“I may command where I adore,
But silence, like a Lucrece knife:
With bloodless stroke
My heart doth grow,
M.O.A.I. doth sway my life.“
Fabian, always, the avid commentator:
Fabian: A fustian riddle.
Toby’s got it:
Toby: Excellent Wench, say I!
Malvolio closes in precisely on the bait:
Malvolio: “M.O.A.I. doth sway my life.” Nay but first let me see, let me see, let me see.
Fabian and Toby exchange commentator jests:
Fabian: What dish o’ poison has she dreft him?
Toby: And with what wing the Stallion checks at it?
Malvolio interprets the first line of the “fustian riddle” to be “I command the man whom I love”, implying that he must be one of her servants. He thinks that’s obvious, or “evident to any formal capacity.” There’s no ambiguity (“not dark”) in this, “there is no obstruction in this.” And then he goes to the end of the letter, the acronym, that “alphabetical position”–he asks himself if he could read that as something that resembles himself?
Malvolio: “I may command, where I adore.” Why she may command me: I serve her, she is my Lady. Why this is evident to any formal capacity. There is no obstruction in this! And the end: What should that Alphabetical position portend… if I could make that resemble something in me? Softly, “M.O.A.I.”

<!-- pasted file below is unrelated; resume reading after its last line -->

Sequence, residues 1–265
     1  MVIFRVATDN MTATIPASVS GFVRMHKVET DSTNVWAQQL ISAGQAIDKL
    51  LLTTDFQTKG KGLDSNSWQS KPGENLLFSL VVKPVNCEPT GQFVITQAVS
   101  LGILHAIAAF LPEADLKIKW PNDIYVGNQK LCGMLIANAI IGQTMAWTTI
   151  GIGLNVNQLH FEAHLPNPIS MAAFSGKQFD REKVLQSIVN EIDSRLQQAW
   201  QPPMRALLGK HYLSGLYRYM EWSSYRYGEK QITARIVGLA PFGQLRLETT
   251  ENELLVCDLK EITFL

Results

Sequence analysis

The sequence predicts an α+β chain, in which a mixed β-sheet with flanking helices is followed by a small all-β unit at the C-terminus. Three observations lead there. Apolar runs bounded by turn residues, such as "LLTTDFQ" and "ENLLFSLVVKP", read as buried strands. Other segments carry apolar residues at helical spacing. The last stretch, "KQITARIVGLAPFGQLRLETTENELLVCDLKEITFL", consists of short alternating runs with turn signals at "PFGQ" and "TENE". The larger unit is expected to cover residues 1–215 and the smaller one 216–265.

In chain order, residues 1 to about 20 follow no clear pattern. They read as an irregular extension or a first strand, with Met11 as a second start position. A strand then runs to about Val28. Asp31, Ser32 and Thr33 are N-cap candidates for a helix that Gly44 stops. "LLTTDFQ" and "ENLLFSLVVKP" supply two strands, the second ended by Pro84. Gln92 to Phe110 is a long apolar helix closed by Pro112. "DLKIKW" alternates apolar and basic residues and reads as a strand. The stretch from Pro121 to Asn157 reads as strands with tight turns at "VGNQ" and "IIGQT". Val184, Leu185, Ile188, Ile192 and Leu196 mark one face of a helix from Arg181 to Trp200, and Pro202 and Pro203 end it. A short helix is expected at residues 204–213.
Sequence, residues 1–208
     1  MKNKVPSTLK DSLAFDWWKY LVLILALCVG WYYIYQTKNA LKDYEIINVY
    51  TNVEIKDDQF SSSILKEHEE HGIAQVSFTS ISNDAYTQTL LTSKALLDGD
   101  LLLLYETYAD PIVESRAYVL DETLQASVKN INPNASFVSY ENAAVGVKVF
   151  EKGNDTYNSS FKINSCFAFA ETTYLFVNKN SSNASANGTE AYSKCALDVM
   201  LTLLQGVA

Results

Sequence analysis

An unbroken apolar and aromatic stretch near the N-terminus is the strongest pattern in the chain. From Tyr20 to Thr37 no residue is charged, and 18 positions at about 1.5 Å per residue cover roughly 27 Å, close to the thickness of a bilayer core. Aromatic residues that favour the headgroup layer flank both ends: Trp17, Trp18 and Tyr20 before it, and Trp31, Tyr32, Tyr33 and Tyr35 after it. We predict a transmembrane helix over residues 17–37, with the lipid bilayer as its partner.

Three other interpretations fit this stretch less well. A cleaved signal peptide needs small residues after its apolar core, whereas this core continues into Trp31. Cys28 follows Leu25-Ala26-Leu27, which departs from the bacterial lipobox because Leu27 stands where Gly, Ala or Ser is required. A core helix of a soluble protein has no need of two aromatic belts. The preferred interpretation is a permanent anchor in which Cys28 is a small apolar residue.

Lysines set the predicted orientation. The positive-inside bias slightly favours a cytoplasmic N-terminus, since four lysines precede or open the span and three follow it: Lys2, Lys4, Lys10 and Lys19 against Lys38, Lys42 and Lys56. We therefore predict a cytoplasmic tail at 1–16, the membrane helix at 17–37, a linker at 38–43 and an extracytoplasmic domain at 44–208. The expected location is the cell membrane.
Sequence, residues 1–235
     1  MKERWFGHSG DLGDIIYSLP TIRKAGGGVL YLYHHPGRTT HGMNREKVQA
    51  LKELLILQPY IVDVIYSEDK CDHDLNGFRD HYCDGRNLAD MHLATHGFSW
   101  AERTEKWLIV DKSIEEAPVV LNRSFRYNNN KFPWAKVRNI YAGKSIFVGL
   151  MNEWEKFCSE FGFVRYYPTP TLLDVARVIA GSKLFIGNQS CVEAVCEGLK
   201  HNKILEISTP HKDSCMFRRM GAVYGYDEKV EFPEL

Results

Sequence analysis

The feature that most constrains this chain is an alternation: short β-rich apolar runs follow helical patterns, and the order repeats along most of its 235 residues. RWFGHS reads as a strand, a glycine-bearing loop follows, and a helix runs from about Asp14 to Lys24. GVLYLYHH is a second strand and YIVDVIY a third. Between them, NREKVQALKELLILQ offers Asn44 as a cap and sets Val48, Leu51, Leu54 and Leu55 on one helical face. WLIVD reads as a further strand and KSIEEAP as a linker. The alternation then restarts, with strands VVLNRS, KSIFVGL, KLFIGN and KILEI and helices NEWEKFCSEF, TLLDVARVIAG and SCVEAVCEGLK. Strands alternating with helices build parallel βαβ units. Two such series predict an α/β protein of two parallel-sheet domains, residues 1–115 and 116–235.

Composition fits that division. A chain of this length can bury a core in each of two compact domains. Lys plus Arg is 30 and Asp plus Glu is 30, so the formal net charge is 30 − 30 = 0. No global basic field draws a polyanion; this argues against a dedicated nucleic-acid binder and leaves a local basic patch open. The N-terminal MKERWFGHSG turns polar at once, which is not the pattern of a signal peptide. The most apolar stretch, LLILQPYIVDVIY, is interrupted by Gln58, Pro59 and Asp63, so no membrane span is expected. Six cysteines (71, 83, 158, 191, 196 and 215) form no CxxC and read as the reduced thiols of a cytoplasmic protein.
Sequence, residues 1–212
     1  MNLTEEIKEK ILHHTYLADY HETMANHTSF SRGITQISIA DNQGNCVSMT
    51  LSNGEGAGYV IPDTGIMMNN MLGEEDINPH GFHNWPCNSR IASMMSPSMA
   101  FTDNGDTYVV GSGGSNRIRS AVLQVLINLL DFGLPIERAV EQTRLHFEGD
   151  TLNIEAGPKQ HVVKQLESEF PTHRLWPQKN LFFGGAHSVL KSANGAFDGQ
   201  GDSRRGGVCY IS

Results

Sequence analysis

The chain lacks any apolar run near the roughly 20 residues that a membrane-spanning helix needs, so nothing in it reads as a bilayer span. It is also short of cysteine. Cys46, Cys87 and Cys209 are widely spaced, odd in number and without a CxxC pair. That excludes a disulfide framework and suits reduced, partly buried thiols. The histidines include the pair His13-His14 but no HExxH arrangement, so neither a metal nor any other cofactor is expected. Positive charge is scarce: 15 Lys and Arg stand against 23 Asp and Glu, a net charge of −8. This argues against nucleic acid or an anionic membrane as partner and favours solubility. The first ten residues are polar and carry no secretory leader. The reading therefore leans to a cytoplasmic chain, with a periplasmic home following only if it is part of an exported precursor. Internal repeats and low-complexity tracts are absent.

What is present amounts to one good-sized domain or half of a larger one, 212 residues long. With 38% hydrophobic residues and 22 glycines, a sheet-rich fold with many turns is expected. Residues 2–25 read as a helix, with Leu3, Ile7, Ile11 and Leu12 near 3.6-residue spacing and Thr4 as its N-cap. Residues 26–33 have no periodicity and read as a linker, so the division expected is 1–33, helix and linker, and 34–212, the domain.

Toby thinks Malvolio’s lost the bait–Fabian, though, thinks the bait can’t be missed, it smells “as rank as a Fox”:
Toby: O, aye, make up that, he is now at a cold scent.
Fabian: Sowter will cry upon’t for all this, though it be as rank as a Fox.
Malvolio: “M. Malvolio, M.” — Why that begins my name.
Almost as if he’d just placed a verbal bet on this bear of a Mal:
Fabian: Did I not say he would work it out, the Cur is excellent at faults.
Malvolio: “M.” But then there is no consonancy in the sequel that suffers under probation: “A.” should follow, but “O.” does.
The commentators seem to join him in deduction, though Malvolio doesn’t hear them:
Fabian: And O shall end, I hope.
Toby: Aye, or I’ll cudgel him, and make him cry O.
Malvolio: And then “I” comes behind.
Fabian: Aye, and you had an “I” behind you, you might see more detraction at your heels, than Fortunes before you.
Fabian puns on “eye” and “I”, almost as he wishes the trio to be given away, to be “credited”.
Malvolio then gives that famous MOAI reading (which is surprisingly understandable to a modern audience even without further interpretation), following its directions as-if-hypnotized (taking a “spin” upon reading “revolve”). The letter deviously builds up on his aspirations, as well as his current want-to-do-list, and even ends with a threat that if he doesn’t do otherwise, he’d stay a steward, “the fellow of servants”: